I’d rate this 8/10. 


Example #2: 


My prompt: “Write an employee counseling script for a manager who is counseling an employee about repeated instances of falling asleep on the job. The employee recently had surgery and has disclosed that she has been prescribed a medication that causes drowsiness.” 


Chat GPT’s response: 

HR Manager: Hi [Employee’s name], I wanted to talk to you today about something that’s been on my mind. Over the past few days, we’ve noticed that you’ve been falling asleep on the job. Can you tell me what’s going on? 

Employee: Yes, I’m sorry about that. I had surgery recently and my doctor prescribed me a medication that causes drowsiness. 

HR Manager: Thank you for letting me know. Can you tell me more about the medication and when you take it? 

Employee: Sure, it’s a pain medication that I take three times a day. I take it once in the morning, once at lunch, and once in the evening. 

HR Manager: Okay, I understand. It’s important that you take care of yourself and follow your doctor’s orders, but we also need to make sure that you’re able to perform your job duties safely and effectively. Falling asleep on the job can be a safety concern for you and your colleagues. 

Employee: I understand and I’m really sorry. Is there anything I can do to make sure it doesn’t happen again? 

HR Manager: Well, we could look into accommodations that could help you manage the drowsiness while you’re at work. For example, you could take breaks to rest or stretch, or perhaps we could adjust your work schedule so that you’re not working during your medication’s peak drowsiness periods.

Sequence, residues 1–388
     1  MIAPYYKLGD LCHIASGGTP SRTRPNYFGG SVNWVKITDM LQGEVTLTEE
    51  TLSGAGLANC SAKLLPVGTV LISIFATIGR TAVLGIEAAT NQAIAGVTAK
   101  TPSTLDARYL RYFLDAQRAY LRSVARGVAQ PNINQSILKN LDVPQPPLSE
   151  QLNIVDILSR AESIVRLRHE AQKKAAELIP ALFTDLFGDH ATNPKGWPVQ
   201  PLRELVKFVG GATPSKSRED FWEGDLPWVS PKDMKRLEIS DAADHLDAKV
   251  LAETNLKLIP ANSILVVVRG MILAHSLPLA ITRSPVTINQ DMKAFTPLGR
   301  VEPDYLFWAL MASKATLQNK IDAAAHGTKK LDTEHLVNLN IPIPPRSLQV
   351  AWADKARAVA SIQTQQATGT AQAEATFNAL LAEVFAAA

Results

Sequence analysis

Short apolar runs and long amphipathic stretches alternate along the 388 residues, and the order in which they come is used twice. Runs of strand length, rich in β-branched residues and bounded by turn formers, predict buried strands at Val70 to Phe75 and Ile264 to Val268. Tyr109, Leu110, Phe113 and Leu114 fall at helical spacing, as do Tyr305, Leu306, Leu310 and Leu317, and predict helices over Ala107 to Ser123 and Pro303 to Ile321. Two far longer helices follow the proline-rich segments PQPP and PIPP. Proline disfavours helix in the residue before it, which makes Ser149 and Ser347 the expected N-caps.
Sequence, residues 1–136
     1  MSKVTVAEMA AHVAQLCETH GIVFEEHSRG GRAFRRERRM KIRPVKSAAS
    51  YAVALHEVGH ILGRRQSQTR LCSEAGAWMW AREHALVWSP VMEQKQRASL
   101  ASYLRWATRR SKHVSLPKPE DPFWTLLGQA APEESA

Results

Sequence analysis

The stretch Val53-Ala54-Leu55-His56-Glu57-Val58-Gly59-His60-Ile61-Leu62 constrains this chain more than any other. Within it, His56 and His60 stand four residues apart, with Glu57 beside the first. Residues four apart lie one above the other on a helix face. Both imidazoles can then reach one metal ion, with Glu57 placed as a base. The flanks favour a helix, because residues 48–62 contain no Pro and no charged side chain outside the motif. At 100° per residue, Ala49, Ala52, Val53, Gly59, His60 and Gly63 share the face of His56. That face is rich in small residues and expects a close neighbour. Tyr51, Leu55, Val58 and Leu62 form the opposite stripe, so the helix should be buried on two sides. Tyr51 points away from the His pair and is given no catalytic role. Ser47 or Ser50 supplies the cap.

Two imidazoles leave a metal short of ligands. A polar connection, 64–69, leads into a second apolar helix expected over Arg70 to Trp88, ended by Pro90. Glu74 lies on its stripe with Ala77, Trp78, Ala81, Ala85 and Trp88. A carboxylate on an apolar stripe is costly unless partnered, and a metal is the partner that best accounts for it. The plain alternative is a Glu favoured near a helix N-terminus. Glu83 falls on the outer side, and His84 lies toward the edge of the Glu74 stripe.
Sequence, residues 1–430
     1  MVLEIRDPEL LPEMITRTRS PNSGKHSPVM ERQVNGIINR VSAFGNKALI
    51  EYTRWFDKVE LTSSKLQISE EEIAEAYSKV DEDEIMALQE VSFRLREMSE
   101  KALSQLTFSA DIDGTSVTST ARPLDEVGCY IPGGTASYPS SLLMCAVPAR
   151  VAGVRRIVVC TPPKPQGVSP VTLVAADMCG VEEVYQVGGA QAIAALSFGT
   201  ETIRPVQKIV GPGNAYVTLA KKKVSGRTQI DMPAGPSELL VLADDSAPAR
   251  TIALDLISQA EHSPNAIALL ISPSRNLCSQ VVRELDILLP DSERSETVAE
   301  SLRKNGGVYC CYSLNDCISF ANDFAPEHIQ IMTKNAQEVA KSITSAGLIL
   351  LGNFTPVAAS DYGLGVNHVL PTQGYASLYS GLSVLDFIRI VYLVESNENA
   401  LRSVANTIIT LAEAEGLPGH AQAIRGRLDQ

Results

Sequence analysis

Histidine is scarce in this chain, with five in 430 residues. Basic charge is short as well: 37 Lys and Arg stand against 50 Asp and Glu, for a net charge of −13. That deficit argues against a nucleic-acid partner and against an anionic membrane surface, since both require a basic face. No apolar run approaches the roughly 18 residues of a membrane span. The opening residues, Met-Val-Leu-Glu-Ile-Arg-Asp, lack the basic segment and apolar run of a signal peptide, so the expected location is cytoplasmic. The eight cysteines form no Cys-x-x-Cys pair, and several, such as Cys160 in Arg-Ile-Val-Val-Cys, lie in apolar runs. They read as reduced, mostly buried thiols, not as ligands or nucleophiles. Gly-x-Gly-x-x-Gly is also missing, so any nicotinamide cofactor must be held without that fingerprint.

Employee: That sounds like it could help. I really appreciate your understanding. 

HR Manager: Of course, we want to support you through your recovery while also ensuring the safety of everyone at work. Do you have any questions or concerns about this? 

Employee: No, I don’t think so. Thank you for talking to me about this. 

HR Manager: You’re welcome. Please keep me updated on how you’re doing and if we need to make any further adjustments. 


My assessment? 7/10.  


In a perfect scenario, I would have wanted the manager to make clear that although she is willing to work with the employee on possible accommodations, staying awake at work is an essential function of the job and that if the issues continued even after modifications were put in place, the employer may no longer be able to accommodate the employee because relaxing the requirement of alertness on the job places an undue burden on the employer in light of performance and employee safety concerns. Finally, I think that the next step in the conversation is not “keep me posted”, but rather planning to meet again to specifically discuss what accommodations the employee is seeking and what the employer can commit to offering.  


All in all, I was impressed with ChatGPT’s performance on these tests. As noted, the responses weren’t perfect, but they contained many of the key points I’d want an employer to convey. Mileage will likely vary with more complex issues, and ChatGPT often includes a helpful reminder that consulting an attorney is always a good idea. I’m excited to see how this tool can empower my employer clients to engage in productive conversations with employees that achieve the employer’s goals while still respecting an employee’s rights under the law.